got her into the International Home and Housewares Show at McCormick Place which led to a contact with Luck Dog Filmworks, a company working with the Food Networks on the show Invention Hunters, a concept where hosts Steve Greenberg and Patrick Raymond search for the best kitchen gadgets in the country. Hunter’s son knew his mother would win and so she did, taking home first prize. Other breaks started coming fast. The New York Times came calling and did a story and included information about how testing indicated that meat infused with Hunter’s aromatics has a better taste. Lifetime Brands in 2012 offered a contract to sell her sticks in chefs’ catalogues and at Target. And she has a Website, marinatingstick.com, for people who want to buy her invention online. “If you could taste my mother’s cooking you would cry, it’s so good,” says Reverend Hunter. He, as well as his two sisters (one now deceased), learned to cook from an early age with their mother. “Dwayne, being the youngest, was home more when growing up,” says his mother before bestowing her most glowing accolade, “he’s a great cook.” Indeed cooking is so important to the family that Hunter, now 75, can’t quit giving advice. “Now the sticks are for the inside,” she says. “You still have to seal your meat. For ham, I like to use fresh pineapple, brown sugar and cinnamon. For meat I like to use a seasoned blend that includes my aromatics.” Hunter is happy with her success but what she most wants to do is share the gift of cooking and the gift of the idea given to her to do good for others. “God gave me this,” she says. “So I want to share it with others.” — Jane Ammeson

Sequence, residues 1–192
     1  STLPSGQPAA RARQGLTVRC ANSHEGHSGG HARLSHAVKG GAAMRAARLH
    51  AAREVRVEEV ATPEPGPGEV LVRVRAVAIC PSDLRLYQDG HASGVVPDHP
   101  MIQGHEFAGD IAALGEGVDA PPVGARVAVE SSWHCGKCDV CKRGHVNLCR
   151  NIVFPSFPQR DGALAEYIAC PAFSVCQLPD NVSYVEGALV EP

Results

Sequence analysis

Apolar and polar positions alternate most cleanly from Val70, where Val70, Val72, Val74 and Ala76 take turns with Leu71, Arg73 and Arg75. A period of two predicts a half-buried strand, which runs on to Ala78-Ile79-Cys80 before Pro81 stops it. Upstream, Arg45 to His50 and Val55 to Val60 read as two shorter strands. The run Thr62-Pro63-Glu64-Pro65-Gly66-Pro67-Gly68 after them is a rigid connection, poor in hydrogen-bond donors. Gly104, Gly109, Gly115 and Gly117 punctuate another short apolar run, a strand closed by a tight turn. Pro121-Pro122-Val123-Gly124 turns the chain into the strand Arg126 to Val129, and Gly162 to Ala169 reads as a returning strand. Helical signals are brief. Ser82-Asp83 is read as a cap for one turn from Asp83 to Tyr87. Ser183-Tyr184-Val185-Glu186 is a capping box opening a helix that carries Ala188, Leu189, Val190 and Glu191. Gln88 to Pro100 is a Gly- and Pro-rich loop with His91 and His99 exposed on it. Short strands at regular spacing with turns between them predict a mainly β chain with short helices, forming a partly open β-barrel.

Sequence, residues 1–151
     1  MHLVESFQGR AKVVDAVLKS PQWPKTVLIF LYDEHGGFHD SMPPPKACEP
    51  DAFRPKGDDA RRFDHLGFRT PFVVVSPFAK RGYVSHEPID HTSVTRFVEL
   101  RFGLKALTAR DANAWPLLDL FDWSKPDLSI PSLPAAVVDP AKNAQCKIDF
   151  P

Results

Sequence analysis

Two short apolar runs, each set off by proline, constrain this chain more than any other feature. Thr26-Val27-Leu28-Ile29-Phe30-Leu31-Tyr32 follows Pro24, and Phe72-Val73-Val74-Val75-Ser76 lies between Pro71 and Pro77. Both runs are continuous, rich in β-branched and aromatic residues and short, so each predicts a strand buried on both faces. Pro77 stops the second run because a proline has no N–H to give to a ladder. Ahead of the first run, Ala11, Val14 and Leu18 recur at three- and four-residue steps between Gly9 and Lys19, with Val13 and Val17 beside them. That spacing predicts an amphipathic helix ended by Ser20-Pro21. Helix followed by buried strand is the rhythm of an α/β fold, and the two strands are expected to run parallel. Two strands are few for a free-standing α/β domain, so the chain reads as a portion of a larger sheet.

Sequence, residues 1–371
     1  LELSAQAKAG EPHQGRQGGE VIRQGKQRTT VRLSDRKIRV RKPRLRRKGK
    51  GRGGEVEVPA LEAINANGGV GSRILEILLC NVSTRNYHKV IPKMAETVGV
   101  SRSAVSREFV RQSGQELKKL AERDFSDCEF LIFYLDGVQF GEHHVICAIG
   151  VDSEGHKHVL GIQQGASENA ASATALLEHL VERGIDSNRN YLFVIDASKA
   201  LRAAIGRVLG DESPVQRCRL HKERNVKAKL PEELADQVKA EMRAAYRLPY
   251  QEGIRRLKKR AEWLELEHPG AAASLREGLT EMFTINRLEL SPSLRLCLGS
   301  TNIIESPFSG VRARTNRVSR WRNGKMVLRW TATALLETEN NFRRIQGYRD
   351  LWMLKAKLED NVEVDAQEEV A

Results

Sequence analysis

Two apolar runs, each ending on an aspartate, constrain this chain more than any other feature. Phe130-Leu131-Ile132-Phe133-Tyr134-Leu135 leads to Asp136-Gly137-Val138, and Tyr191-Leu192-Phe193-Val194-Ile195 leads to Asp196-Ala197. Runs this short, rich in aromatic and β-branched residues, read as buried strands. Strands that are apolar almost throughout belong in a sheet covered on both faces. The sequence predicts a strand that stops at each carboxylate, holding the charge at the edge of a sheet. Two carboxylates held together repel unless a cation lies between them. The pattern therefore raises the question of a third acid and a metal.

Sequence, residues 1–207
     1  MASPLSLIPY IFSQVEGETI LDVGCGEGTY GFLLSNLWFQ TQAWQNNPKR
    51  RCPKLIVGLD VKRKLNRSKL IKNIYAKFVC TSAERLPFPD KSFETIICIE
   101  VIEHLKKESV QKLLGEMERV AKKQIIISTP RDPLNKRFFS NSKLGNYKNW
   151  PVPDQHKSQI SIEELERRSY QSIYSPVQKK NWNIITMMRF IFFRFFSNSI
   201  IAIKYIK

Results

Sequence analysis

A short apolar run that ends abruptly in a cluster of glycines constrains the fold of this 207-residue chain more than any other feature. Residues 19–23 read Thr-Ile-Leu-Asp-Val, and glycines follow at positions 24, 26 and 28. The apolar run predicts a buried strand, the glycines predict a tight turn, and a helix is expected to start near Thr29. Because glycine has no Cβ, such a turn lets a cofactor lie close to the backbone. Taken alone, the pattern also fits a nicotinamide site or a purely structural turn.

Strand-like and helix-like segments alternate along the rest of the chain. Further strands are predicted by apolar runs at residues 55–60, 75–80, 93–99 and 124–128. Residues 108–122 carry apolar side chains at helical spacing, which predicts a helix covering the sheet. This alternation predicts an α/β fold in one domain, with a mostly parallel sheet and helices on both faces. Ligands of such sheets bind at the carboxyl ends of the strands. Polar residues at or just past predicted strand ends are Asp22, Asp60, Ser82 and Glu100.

Community Care Network

James Murphy, MD From sports injuries to hip replacements, Dr. Murphy has a passion to meeting the healthcare needs of his patients. Board-certified in orthopedics, he focuses on latest advanced treatments to keep his patients well and active. He specializes in: • Achilles Reconstruction • ACL Injury/Surgery • ACL Reconstruction • Ankle Trauma • Arthroplasty • Arthroscopic Surgery/ Procedure • Aspirate • Cartilage Restoration • Cubital Tunnel Syndrome • Debridements • Ankle Replacement • Endoscopic

• Endoscopic Surgery • Foot and Ankle Surgery • Joint Injections • Joint Preserving Surgery • Joint Replacement • Knee Deformity • Knee Replacement • Knee Surgery • Ligament Injury/Repair • Minimally Invasive Surgery • Sports Medicine

Dr. Murphy is now accepting new patients. Please call for an appointment (219) 392-7664.

may/june 2014 | GET HEALTHY | 25


senior scope

HOW TO PREVENT

bones BROKEN

They’re one of the most feared events for an older adult: falls that cause fractures. A broken bone can mean surgery, hospitalization, and certainly pain, but there are ways to lessen the odds of them ever happening.

A

t the top of the list for three area health professionals is exercise. “Of all the treatments for osteoporosis, the one thing that has been shown to help is weight training, 20 minutes a day,” says Dr. Gregory McComis at North Point Orthopaedics in Dyer and Munster, Ind. Dr. Nancy Trimboli at Trimboli Chiropractic in Munster, Ind., says weight lifting and muscle strengthening exercises can be done several ways. “You can do a class where you’re on the floor and it’s set to music. Tai chi and yoga are excellent for muscle strength and weight bearing exercises.” Dr. Kristine Teodori, gerontologist and staff physician at Franciscan St. Anthony Health-Crown Point, says walking is great exercise. “Ideally if you are capable you can walk in your